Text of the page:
The Marists will celebrate their 150-year history in the New Orleans area Sept. 12 on the Feast of the Holy Name of Mary with a 5 p.m. Mass at St. Michael Church in Convent, La. Father Michael Keating, the provincial of the Marist fathers and brothers of the United States, will concelebrate with other Marist priests. A parish reception will follow in the church hall.
“We had a long, long history in New Orleans,” Father Keating said. “It was missionary work in the early days – building the church through much of the 19th century – and education.”
Father Keating said it was the laity of the River Region that suggested and planned this Mass of Thanksgiving to show their affection for the Marist priests who have served them for more than a century.
“It was an honor that the laity put it together,” Father Keating said. “They have wonderful memories of the Marists. Generations and generations of people had Marists in their life. The Marists are in the genes of that area.”
The Marists order, formally called the Society of Mary, was founded in France in 1836. They were sent as missionaries to America in the 1860s at a time when immigrants began arriving.
“We came into the United States just as the church was pulling itself together,” said Father Keating. “There were not that many Catholics here. It was mostly a Protestant nation. We were helping to build the structure of the church in the United States.”
New Orleans Archbishop Jean Marie Odin was first to invite the Marists to America in 1863 to care for the French Catholics who had settled along the Mississippi River in Convent, near Baton Rouge (then part of the Archdiocese of New Orleans). Fathers Henri Bellanger and Joseph Gautherine quickly ingrained themselves among the French-speaking people in the region.
“We came to take on the parish of St. Michael, and about a year later, we were asked to pick up the administration and teaching duties at nearby Jefferson College,” Father Keating said.
Abp. Blenk connection
One of Jefferson College’s graduates, James H. Blenk, became its president and later the archbishop of New Orleans. Father Keating said Archbishop Blenk’s legacy includes systemizing the Catholic school system in New Orleans, unifying and standardizing the Catholic educational board and establishing a Marist presence in southern missions.
At the end of the Civil War, the Marists were asked to take over St. Bartholomew (now Holy Name of Mary Parish) on the West Bank of New Orleans. From there, other mission churches such as St. Julian Eymard developed, Father Keating said.
Around the turn of the century, the order expanded westward and formed missions throughout the United States, including in Atlanta, West Virginia, Maine and the Northeast at a time when French Canadians were flooding into that region looking for jobs.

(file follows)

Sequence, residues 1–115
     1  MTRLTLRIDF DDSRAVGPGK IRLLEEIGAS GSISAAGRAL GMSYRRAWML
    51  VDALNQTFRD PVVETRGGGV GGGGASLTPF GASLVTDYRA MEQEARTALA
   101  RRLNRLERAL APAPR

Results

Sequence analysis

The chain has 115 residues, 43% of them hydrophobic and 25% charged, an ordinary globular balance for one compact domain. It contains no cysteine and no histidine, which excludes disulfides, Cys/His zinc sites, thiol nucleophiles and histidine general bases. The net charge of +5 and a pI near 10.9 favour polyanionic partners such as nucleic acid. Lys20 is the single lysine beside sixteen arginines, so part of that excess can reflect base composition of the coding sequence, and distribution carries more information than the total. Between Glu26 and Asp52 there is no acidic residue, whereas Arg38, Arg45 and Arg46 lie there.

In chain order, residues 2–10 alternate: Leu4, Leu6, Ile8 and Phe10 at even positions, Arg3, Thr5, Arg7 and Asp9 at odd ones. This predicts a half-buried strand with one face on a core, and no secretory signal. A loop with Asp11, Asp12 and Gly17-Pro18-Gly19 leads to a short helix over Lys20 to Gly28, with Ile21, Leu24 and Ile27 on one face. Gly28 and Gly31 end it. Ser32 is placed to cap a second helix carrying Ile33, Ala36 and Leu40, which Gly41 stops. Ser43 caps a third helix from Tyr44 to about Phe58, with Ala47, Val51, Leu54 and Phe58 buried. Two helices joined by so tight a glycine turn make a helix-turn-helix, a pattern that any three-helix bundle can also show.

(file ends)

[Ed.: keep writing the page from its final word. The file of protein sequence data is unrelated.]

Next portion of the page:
Assumed N.D. Seminary
In 1924, the Marists were placed in charge of Notre Dame Seminary in New Orleans. The school’s first rector was Marist Father Charles Dubray.
Father Keating said several Marist professors at the seminary made major contributions to the church and the community while here. One was Father Joe Costello, a seminary professor who taught moral theology and helped Archbishop Joseph Rummel write a pastoral letter explaining the importance of integrating schools.
Father Vince O’Connell was well known for labor organizing throughout the region. Father Ellis DePriest was a seminary liturgist, master of ceremonies for archdiocesan liturgies and was head of the liturgy department for the archdiocese. The Marists ran the seminary until 1967, when diocesan priests assumed its administration.
College became Manresa
The Marists ministered at St. Michael’s and Jefferson College – which after Loyola University opened was later bought by the Jesuits and turned into Manresa – and at Notre Dame Seminary, Holy Name of Mary and St. Julian Eymard in the archdiocese. They also established a Marist community and seminary formation house on Jackson Avenue in New Orleans and remained active in New Orleans until 1996, when lack of personnel forced withdrawal from the birthplace of their American ministries.
The Marists also ministered at St. Joseph in Paulina, Assumption Parish in Cottonport, Immaculate Seminary in Lafayette, Sacred Heart in Gramercy and St. Edmond in Lafayette.
Several Marists, including Father Mariano Rizzuto, who pastored St. Michael’s in Convent for a decade and was the last Marist pastor there, and Father Charles Girard remain in New Orleans. Father Edward Fuss resides at Sacred Heart in Gramercy.
“The Marists had a good relationship with the people, and they enjoyed having them in terms of advice or friendships,” Father Rizzuto said. “The Marists expressed a welcoming sense to the people.”
The Marist priests and brothers in the U.S. – of which there are currently 110, with almost half remaining active – were unified into one province in 2009. They remain in 21 dioceses and archdioceses in the United States where they run schools, parishes, campus ministries, hospitals and social service ministries, lay and seminary formation and university education.
The Marists continue to operate two large schools – Marist School in Atlanta, founded in 1900; and Notre Dame School in Pontiac, Mich.
Other provinces in the world where Marists work are Australia, Canada, Europe, Mexico, New Zealand, Oceana and districts in Peru-Venezuela, Brazil, the Philippines and Africa and a superior generalate in Rome.
Christine Bordelon can be reached at firstname.lastname@example.org.